Lynn had good experiences with Sony's F-900 HDCAM, but it would be too big for this tight job. However, he liked the new JVC HD100's specs, including three CCDs with 1280x720 square pixels, 24p HDV format, optional tape or disk recording and interchangeable lenses. Lynn also appreciates that he could turn the camera on, record into a hard drive and leave it on indefinitely without it automatically shutting down. For Adrenaline, "That's a huge thing!" JVC's Atlanta-based Mike Jackson convinced Lynn that he had the perfect camera for Adrenaline and he traveled up to Nashville to demo the unit.

Lynn wound up using two: one fitted out for the shoot (and only one) and one as a back-up. "We never had to replace our main camera," he says, "it worked flawlessly." Besides the wide-angle lens and the double-decker hard drives, the HD100 also had a second LCD view finder attached to allow both Lynn and Trenkle to follow all the action. It also had a "steering wheel" attached so the men could smoothly hand the camera off to one another for seamless transitions.

"Why would somebody make this movie in one shot? To help sell the film or get noticed?" Lynn asks rhetorically. "Honestly, I believed it was the best way to get the audience into the mind of our lead character." And when the protagonist is driving his SUV, there are plenty of tense close-ups. The HD100 allowed Lynn to use a wide-angle Fujinon lens that helped capture the star's facial reactions as well as action outside the car. After three "takes" Lynn decided to go for the cinematic effect of close-ups and wide shots by keeping the wide lens on the camera but literally pushing in on the actor's face to increase dramatic tension such as when he is driving and responding to the villain. The HD100's stabilizer helped smooth out the fact that it was entirely hand-held for the entire film.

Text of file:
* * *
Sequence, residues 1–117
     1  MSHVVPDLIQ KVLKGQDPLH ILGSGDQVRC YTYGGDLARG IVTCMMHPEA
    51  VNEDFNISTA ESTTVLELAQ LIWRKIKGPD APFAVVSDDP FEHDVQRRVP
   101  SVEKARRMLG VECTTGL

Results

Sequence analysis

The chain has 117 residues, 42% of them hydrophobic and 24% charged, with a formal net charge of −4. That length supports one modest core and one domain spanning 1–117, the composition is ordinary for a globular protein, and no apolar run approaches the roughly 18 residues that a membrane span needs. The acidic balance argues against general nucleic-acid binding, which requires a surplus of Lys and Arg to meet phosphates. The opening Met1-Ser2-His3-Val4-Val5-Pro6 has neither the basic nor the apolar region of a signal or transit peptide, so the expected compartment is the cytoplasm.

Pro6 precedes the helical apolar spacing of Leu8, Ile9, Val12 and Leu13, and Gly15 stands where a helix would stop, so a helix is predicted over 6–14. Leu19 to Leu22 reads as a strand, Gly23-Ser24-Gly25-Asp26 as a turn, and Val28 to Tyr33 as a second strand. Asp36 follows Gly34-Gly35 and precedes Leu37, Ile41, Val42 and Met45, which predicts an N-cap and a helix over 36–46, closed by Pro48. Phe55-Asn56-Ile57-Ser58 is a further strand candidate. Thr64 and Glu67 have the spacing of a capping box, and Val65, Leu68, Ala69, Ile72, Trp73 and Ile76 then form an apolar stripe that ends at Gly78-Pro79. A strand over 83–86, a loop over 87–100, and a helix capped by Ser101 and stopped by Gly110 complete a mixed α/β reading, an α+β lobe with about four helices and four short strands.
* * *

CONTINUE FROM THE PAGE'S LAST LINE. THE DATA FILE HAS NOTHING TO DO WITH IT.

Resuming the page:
"The shotgun mic on this camera was brilliant and we actually used a large portion of our sound just from the [JVC] camera mic!" Lynn enthuses. But our hero hears the villain through a Bluetooth device on his ear as well as through the car's speakers when he plugs in his cell phone. The audience needs to hear this, too, and that's where some audio post tricks come in, including actually re-recording the villain's voice through actual car audio speakers.

Audio post really made the movie come alive for Lynn and he credits Heartdance Music in Nashville (www.heartdancemusic.com) - a Digidesign Pro Tools house where Eddie Bedford mixed and Chris Cowley performed audio editing, ADR and Foley. Sound effects, ambience and a tense score by Paul Carrol Binkley build tension as our hero is put through his paces.


Adrenaline was post supervised by Calgary, Canada-based Final Cut Pro editor Bridget Durnford. But she did no editing. She did audio layback and oversaw opening and end credits. Durnford did use FCP to create a kind of raw flashback in the climax in which every frame of the movie runs backwards at top speed to a particular line of earlier dialogue that just might hold the key for our hero. Durnford also bumped up the 720p imagery to 1080p using a Teranex converter. Color correction was done at Chicago's S2 Post.

You can find out more about Adrenaline by visiting  www.Arclightfilms.com.